EDIT: As pointed out by Gordon in the comments, the portfolio I considered in my original post is neither self-financing nor (locally) risk-free. Though the central question is still open. Suppose that we have a portfolio $P_t$ satisfying $$dP_t=a(W_t,t)dt+b(W_t,t)dW_t.$$ Then, apparently, the portfolio is called (locally) risk-free iff $b(W_t,t)$ vanishes. My question is why this definition makes sense. After all, the coefficient $a(W_t,t)$ might depend on the Wiener process, and thus on the path we are given.

This was the original post: I'm trying to understand the derivation of the Black-Scholes equation for an option by arbitrage considerations, and feel puzzled by the notion of a risk-free portfolio.

As usual, let the price of the underlying stock be given by the Ito-process $$dS_t=\mu S_t dt+\sigma S_t dW_t,$$ and let $V$ denote the price of the option. We then consider the portfolio $$P_t=V_t+\Delta S_t.$$ If we assume that this portfolio is self-financing it satisfies $$dP_t=\left(\frac{\partial V}{\partial t}+\frac{1}{2}\sigma^2 S_t^2 \frac{\partial^2 V}{\partial S^2}\right)dt+\left(\frac{\partial V}{\partial S}+\Delta\right)dS.$$ Then it is claimed that the choice $\Delta=-\frac{\partial V}{\partial S}$ makes the portfolio risk-free because the $dS$ term vanishes. Hence it must grow at the risk-free rate $$dP_t=rP_tdt.~(1)$$

I have some problem understanding why such a portfolio is considered to be risk-free. After all in the equivalent integral equation $$P_t-P_0=\int_0^t a(W_s,s)ds,$$ where $a$ is the first bracket, we still integrate over the paths of the Wiener process (or some function thereof). So it still depends on the path we are given.

I came up with the following (heuristic) idea: since the paths of the Wiener process are continuous (almost surely), on a very small interval $[t_0-\epsilon,t_0+\epsilon]$ the term $a$ is bounded $$a_0-k\leq a(W_t(\omega),t)\leq a_0+k.$$ By monotony of the integral the growth of $P_t$ is thus approximately linear in $t$ with rate between $a_0-k$ and $a_0+k$ (where $k$ may be arbitrarily small). Hence at this small time scale the portfolio should be approximately risk-free, and taking the limit should give equation $(1)$. Such an argument does not seem to work for a potential $dS$ term because integration with respect to the Wiener process lacks monotony.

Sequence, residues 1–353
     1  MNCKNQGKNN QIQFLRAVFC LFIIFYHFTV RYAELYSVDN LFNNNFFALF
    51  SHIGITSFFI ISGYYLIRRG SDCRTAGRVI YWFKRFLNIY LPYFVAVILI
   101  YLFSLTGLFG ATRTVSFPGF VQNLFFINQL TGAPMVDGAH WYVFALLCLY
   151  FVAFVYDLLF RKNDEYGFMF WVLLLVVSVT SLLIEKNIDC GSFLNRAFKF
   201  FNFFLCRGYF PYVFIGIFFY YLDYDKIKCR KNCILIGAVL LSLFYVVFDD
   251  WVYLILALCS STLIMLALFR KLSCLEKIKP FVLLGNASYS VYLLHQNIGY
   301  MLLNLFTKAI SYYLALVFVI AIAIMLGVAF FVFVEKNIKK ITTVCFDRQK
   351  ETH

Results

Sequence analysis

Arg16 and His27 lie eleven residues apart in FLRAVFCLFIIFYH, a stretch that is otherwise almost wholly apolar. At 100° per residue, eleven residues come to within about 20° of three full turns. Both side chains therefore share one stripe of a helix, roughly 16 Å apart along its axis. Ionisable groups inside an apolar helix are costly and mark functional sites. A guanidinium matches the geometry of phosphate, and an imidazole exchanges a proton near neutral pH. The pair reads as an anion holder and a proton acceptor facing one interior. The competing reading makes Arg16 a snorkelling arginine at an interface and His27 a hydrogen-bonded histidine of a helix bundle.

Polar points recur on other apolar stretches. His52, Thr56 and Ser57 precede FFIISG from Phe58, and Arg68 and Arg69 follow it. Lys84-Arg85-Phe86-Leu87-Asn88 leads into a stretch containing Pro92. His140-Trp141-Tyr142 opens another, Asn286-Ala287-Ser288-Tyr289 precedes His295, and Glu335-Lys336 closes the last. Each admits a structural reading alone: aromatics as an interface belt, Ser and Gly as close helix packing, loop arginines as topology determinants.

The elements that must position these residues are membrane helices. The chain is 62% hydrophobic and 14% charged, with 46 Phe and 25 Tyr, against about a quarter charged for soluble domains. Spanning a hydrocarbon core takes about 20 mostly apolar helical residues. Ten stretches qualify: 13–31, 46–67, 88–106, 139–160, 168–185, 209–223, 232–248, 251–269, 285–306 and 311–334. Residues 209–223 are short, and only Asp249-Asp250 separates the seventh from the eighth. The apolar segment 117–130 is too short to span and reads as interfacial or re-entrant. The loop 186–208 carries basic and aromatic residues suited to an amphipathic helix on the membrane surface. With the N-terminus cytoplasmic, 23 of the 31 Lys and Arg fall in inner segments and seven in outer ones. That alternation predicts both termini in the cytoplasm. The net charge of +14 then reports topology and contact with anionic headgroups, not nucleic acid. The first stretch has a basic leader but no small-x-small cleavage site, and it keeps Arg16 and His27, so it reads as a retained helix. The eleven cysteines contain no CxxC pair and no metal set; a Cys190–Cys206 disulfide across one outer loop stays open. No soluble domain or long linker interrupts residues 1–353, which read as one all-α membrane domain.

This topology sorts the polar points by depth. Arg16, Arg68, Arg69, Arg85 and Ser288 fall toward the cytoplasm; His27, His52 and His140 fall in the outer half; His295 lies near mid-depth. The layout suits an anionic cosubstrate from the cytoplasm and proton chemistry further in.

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    $\begingroup$ But your integral $dPt=rP_td_t$ is deterministic, there is no Wiener process there. That's why it's risk-free. $\endgroup$ – dbluesk Feb 21 '17 at 12:07
  • $\begingroup$ The portfolio $P_t=V_t+\Delta S_t$ is neither self-financing nor (locally) risk free; see discussion here. $\endgroup$ – Gordon Feb 21 '17 at 13:46
  • $\begingroup$ @Gordon - While I agree with $P_t$ not being self-financing, it surprises me that you say it is not locally risk-free? $\endgroup$ – LocalVolatility Feb 21 '17 at 14:10
  • $\begingroup$ @dbluesk: I agree that this equation is deterministic. But if I understand correctly it should be a consequence of the riskfreeness (and the no arbitrage assumption). $\endgroup$ – Handschuh Feb 21 '17 at 14:18
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    $\begingroup$ @LocalVolatility and Hanschuh, this is a common mis-understanding even in John Hull's book. For a vanilla European call option $V_t + \Delta S_t= Ke^{-r(T-t)}N(d_2)$, which is not risk-free.Yes, locally risk free implies that the dW terms goes to zero. $\endgroup$ – Gordon Feb 21 '17 at 14:23

Regarding the self-financing and locally risk-free issues of the portfolio $P_t= V_t +\Delta S_t$, see this question and also discussions on Page 100 of the book Mathematical Methods for Financial Markets by Jeanblanc, Yor, and Chesney.

Note that a portfolio is locally risk-free means that it earns the risk free rate $r$ over the infinitesimal interval $[t, t+dt]$ (see the bottom part on Page 99 of the above book). That is, \begin{align*} dP_t = rP_t dt. \end{align*} In other words, \begin{align*} a(W_{t}, t) dt + b(W_{t}, t)dW_t = rP_t dt. \end{align*} Consequently, $b(W_{t}, t)=0$ and \begin{align*} a(W_{t}, t) = rP_t. \end{align*}

  • $\begingroup$ This is the kind of answer I was looking for, thanks! (Again, I can not upvote your answer because I lack reputation.) $\endgroup$ – Handschuh Feb 21 '17 at 22:40

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